Apple normally releases software updates through the Mac App Store and later through other sources. Normally I prefer grabbing Apple-related updates through their Support Downloads page, as this allows us to upload a single PKG to our distribution point, and then cache the PKG on our machines so that our users can then install the software at their convenience through Self Service. However, at the time Apple had not yet released the update to their support page yet, and while I’ve been eager to test and deploy reposado to keep the update deployment within our LAN, rather than out to Apple’s servers, it just wasn’t feasible given the time-frame.
While Jamf Pro supports the ability to install all available software updates via policy, I only wanted to download and install the applicable security update. I opted instead to use the Mac’s built-in softwareupdate command-line tool to cache the security update for a later install triggered by our users.
The basic structure was as follows:
Determine the softwareupdate name of the patch and the update ID of the folder that gets created in /Library/Updates
A smart group containing all the eligible machines for the security update
A script to refresh the available softwareupdatelist and download the desired security update
A script to install the cached security update
An on-demand policy with a custom trigger to download the security update
An automated policy to invoke the on-demand policy via custom trigger to download the security update behind the scenes
A Self Service policy for our users to install the security update at their convenience
An email notifying users of the update and deadline to install it, after which the update would be installed automatically
This post covers the individual components of our security update deployment solution, while a second post covers the policy build and deployment.
See below the jump for our details about our workflow.
“Did you try restarting your computer? …” is undoubtedly the most common question asked by IT to users. And perhaps unsurprisingly, the majority of user issues get resolved by completing this simple task. Before most computers had SSDs, this wasn’t a task most users wanted to do for the simple reason that it took several minutes to close all running applications, reboot, get back to the login screen, and then fully load the OS. Thankfully, most laptops now have SSDs and so this task is significantly faster – 10 to 30 seconds total at most. And yet we still struggle to get our users to reboot.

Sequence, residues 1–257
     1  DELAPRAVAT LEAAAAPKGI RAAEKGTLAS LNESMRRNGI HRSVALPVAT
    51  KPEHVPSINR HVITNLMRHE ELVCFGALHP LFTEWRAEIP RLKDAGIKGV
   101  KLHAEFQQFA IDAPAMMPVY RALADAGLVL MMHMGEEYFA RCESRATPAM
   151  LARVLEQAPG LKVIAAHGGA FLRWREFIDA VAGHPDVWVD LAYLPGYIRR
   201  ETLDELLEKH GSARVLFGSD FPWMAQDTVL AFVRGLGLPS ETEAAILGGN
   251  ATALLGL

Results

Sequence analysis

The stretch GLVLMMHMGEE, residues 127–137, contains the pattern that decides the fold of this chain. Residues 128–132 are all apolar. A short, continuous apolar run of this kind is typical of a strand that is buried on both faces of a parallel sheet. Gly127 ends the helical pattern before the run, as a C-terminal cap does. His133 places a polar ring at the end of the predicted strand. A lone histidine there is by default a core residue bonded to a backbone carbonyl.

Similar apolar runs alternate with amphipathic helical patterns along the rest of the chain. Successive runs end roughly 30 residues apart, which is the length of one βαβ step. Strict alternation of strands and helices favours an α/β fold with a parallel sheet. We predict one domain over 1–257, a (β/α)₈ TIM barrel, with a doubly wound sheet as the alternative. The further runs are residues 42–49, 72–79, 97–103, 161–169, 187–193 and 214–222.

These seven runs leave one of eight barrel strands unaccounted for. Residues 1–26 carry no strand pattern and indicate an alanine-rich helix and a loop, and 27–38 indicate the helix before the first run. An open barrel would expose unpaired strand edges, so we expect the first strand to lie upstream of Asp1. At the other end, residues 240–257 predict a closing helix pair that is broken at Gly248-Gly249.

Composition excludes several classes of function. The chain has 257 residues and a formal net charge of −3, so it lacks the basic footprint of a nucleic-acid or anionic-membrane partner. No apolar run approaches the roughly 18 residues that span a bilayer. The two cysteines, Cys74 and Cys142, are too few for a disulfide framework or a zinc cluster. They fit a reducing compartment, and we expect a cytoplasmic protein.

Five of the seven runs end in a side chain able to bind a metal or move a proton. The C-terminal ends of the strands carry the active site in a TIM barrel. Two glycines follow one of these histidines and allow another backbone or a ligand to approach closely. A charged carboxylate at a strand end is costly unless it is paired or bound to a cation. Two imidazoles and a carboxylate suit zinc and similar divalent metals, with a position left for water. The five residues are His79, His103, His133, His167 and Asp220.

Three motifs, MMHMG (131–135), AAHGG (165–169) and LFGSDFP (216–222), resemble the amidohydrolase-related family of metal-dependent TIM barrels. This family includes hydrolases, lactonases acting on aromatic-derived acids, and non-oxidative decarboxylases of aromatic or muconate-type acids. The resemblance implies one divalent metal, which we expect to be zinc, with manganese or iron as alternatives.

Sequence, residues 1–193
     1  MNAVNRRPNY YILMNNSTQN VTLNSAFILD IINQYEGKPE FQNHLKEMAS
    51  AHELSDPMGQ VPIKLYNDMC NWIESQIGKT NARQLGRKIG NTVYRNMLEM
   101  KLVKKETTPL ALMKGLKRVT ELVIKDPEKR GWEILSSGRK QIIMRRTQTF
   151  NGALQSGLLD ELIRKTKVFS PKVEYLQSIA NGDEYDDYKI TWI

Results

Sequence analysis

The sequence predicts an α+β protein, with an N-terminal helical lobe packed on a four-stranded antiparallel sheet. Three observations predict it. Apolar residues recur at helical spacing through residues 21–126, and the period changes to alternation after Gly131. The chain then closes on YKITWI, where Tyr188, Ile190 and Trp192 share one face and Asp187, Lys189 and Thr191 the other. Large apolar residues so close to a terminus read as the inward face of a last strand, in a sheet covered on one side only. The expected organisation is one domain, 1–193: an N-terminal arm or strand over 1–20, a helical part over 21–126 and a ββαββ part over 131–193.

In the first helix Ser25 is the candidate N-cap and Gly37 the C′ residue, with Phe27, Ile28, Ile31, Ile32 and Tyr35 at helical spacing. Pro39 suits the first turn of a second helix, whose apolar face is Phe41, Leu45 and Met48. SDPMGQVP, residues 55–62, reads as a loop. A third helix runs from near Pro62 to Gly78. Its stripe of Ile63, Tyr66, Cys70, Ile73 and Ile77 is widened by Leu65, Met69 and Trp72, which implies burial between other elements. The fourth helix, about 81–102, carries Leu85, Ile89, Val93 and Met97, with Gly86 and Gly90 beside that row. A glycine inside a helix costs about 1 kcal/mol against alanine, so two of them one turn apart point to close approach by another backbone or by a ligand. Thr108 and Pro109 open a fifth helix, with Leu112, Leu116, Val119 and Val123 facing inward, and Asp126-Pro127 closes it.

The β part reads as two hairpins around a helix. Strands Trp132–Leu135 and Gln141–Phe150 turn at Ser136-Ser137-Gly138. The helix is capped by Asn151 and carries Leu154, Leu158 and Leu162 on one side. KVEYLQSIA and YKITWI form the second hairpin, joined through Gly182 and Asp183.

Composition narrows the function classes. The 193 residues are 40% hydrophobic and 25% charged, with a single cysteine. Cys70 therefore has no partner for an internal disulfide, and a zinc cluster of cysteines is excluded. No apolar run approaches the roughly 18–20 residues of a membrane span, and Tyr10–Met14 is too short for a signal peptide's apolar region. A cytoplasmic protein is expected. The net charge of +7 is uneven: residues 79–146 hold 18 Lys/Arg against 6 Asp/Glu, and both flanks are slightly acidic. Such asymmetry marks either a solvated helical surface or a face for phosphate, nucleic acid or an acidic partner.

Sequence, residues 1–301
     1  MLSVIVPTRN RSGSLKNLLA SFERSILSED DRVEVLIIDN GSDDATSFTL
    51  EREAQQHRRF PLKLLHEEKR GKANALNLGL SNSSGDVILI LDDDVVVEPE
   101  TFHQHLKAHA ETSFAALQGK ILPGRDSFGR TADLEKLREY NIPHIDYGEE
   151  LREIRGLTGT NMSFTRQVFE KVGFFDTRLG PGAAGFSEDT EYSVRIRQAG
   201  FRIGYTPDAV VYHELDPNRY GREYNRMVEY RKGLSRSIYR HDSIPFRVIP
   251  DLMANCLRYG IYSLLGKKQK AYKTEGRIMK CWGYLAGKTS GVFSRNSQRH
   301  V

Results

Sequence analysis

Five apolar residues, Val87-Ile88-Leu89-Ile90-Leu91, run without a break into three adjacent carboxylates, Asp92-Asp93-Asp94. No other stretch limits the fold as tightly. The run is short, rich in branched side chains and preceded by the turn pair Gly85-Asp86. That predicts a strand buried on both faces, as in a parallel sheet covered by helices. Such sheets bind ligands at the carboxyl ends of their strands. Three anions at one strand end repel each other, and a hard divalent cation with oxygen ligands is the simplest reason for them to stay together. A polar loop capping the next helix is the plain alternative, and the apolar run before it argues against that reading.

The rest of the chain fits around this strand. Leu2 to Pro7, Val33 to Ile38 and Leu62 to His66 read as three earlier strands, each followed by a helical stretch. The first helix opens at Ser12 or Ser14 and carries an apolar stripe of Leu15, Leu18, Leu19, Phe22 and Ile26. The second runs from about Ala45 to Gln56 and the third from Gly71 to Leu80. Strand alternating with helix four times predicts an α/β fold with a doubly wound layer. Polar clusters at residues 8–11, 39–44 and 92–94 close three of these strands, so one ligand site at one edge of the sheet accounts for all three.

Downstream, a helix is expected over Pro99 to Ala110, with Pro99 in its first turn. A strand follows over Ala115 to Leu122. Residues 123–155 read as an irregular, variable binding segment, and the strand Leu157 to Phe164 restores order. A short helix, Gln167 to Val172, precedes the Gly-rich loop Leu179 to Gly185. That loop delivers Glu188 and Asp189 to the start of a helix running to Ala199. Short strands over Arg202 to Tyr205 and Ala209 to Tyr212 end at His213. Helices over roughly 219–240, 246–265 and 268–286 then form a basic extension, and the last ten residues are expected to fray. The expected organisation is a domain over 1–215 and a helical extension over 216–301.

Rather than wait for the Helpdesk tickets and phone calls to come in, we’ve taken a more proactive approach to encourage our users to reboot their computers themselves.
There are 4 things that make this work:
An extension attribute to collect the last time a machine has rebooted
A smart group to collect all computers that haven’t been rebooted after the desired amount of time
A script that presents the desired notification using jamfHelper
A policy that presents the notification to the user
Whether or not you’re looking to have your users reboot on their own, this same structure can be applied to other notifications you may want to present to your users. As an example, we use a similar structure to inform our teachers and administrators when their internal storage has less than 25% free space, as well as less than 10%.
Two years ago, I invested in the Synology 1815+ (8-bay) NAS to serve as my digital media library, primary computer backup, and some of my Docker container testing. Sadly, over the winter holiday after a brief loss of heat in my apartment it died unexpectedly. RIP.
Thankfully I was able to get the unit replaced fairly quickly and seamlessly transfer my drives from my old 1815+ system to the new one without any data, setting, or configuration loss.
I also bought 2 x 6TB Western Digital Reds to replace two of my existing 3TB Reds and migrating those drives was also pretty painless.
See below the jump for an overview of this process.